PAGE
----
/How to Vote by Mail in Every State

How to Vote by Mail in Every State


More Americans than ever are expected to vote by mail in this year’s presidential election as states attempt to make voting safer amid the global pandemic.

Five states—Colorado, Hawaii, Oregon, Washington and Utah—routinely conduct their elections almost entirely by mail. In response to the spread of Covid-19, at least four additional states—California, Nevada, New Jersey and Vermont—and the District of Columbia have pledged to mail ballots to all properly registered voters for the November election. Some other states made it easier to vote by mail in response to the coronavirus crisis by changing various rules.

Mail-in balloting rules

States

automatically mailing out ballots

States allowing mail-in-voting for everyone*

States requiring a justification for mail-in voting

States allowing mail-in

voting for everyone*

States requiring a justification for mail-in voting

States automatically mailing out ballots

States allowing mail-in

voting for everyone*

States requiring a justification for mail-in voting

States automatically mailing out ballots

States automatically mailing out ballots

States allowing mail-in-voting for everyone*

States requiring a justification for mail-in voting

More than 33 million ballots were cast by mail or absentee in the 2016 general election, roughly 24% of the 140 million Americans who voted.

When you must request your ballot

Many states allow any voter to request an absentee ballot in advance, such as by mailing an application or applying online or in person, depending on the state. A smaller number of states require voters to cite a specific reason on their application for voting absentee, such as being out of town on Election Day. Some states, including New Hampshire and West Virginia, allow voters to cite concerns over the coronavirus as their reason.

Source: state election offices

When ballots have to be received or postmarked

Election officials say that if you want to vote by mail, you should make sure you have enough time. Some states allow voters to request a mail-in ballot just a few days before the election, but the Postal Service has said that might not allow enough time given standard delivery times. The Postal Service has said voters should mail their ballots at least a week in advance of their state’s due date. Some voters, depending on where they live, might have alternatives to placing the ballot in the mail, such as in secure drop boxes.

Deadline for ballot if mailed

Postmarked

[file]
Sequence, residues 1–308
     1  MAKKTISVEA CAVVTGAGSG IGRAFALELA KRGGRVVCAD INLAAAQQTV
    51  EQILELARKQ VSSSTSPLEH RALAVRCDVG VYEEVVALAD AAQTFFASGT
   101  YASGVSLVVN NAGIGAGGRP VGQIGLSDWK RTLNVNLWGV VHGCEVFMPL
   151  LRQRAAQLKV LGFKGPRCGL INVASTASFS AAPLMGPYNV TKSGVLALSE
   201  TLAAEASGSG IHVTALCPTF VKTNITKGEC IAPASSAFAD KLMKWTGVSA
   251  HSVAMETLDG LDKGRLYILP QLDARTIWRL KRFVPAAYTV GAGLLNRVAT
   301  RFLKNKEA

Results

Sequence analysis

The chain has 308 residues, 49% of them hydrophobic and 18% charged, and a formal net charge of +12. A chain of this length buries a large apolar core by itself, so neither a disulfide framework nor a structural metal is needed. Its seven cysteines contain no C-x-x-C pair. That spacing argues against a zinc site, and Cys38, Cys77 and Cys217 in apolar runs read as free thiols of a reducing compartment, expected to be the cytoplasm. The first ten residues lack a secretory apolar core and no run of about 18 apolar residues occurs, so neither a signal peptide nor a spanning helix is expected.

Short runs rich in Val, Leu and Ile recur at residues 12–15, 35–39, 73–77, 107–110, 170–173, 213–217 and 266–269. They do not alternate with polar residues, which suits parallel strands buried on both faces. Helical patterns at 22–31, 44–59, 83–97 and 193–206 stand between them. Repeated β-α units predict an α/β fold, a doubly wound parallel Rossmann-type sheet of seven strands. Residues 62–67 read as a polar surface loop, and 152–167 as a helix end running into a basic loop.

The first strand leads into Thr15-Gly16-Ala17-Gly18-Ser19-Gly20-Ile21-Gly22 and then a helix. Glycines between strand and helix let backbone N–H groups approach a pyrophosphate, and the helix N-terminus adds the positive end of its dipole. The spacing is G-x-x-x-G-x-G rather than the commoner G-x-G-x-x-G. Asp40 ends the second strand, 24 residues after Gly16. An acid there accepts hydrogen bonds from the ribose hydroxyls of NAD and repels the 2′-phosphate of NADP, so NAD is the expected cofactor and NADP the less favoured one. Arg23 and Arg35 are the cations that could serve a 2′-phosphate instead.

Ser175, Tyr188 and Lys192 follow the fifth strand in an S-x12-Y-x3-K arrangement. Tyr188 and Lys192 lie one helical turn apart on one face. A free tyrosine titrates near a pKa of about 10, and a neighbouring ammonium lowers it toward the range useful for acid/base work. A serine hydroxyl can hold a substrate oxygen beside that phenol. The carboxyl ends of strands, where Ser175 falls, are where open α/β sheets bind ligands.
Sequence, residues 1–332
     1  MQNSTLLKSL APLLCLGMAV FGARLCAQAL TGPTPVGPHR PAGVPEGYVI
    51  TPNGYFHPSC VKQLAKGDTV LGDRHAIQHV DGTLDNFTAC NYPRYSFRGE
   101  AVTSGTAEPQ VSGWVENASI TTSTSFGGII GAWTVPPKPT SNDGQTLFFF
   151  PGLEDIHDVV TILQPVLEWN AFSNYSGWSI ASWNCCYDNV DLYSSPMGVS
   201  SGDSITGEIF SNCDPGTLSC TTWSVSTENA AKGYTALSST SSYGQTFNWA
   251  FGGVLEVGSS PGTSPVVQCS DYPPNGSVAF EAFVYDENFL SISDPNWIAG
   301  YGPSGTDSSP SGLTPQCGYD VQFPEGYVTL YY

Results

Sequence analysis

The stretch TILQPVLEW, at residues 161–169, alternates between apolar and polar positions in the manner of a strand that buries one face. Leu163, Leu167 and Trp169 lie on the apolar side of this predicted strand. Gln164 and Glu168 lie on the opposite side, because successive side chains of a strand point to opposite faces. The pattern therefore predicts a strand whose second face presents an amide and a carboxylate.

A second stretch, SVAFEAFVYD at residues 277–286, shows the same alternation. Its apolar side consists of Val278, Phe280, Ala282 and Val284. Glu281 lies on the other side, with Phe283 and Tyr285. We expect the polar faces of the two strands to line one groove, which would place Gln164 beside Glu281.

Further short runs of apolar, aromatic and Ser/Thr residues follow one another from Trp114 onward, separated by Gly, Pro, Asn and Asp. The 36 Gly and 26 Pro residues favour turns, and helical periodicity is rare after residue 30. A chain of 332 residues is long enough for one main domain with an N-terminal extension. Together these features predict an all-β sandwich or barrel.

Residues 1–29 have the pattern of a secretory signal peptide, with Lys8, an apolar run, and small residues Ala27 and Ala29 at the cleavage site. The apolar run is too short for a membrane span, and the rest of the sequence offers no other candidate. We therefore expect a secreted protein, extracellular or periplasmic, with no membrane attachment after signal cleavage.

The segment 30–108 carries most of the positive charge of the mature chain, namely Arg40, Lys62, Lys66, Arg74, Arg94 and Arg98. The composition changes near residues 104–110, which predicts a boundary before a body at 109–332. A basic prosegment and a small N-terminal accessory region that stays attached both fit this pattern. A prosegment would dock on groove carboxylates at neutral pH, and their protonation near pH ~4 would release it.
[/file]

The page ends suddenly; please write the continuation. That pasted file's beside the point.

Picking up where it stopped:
one day before

the election

Postmarked by

Election Day

Received one

day before

the election

States automatically mailing out ballots

States allowing mail-in voting for everyone

States requiring a justification for mail-in voting

Postmarked by

Election Day

Received one

day before

the election

Postmarked

one day before

the election

States automatically mailing out ballots

States allowing mail-in voting for everyone

States requiring a justification for mail-in voting

Postmarked

one day before

the election

Received one

day before

the election

Postmarked by

Election Day

States automatically mailing out ballots

States allowing mail-in voting for everyone

States requiring a justification for mail-in voting

States automatically mailing out ballots

States allowing mail-in-voting for everyone

States requiring a justification for mail-in voting

Received one day before the election

Postmarked one day before the election

Postmarked by Election Day

Mailed ballots can take longer to count than in-person votes for several reasons, such as the time it takes to open return envelopes or verify signatures. Election officials stress that accuracy is more important than speed.

Depending on the law, some states will count ballots that are delivered after the election if they are postmarked by a deadline or meet other requirements. North Carolina, for example, will accept absentee ballots postmarked by Election Day if they arrive no later than three days after. Many state and local officials are scrambling to prepare for an uptick, although they face time and budget constraints.

EXPLORE ALL 50 STATES
States automatically mailing out ballots

Source: state election offices

States requiring a justification for mail-in voting

Source: state election offices

States allowing mail-in-voting for everyone, including those that allow fear of Covid-19 as a justification

Source: state election offices

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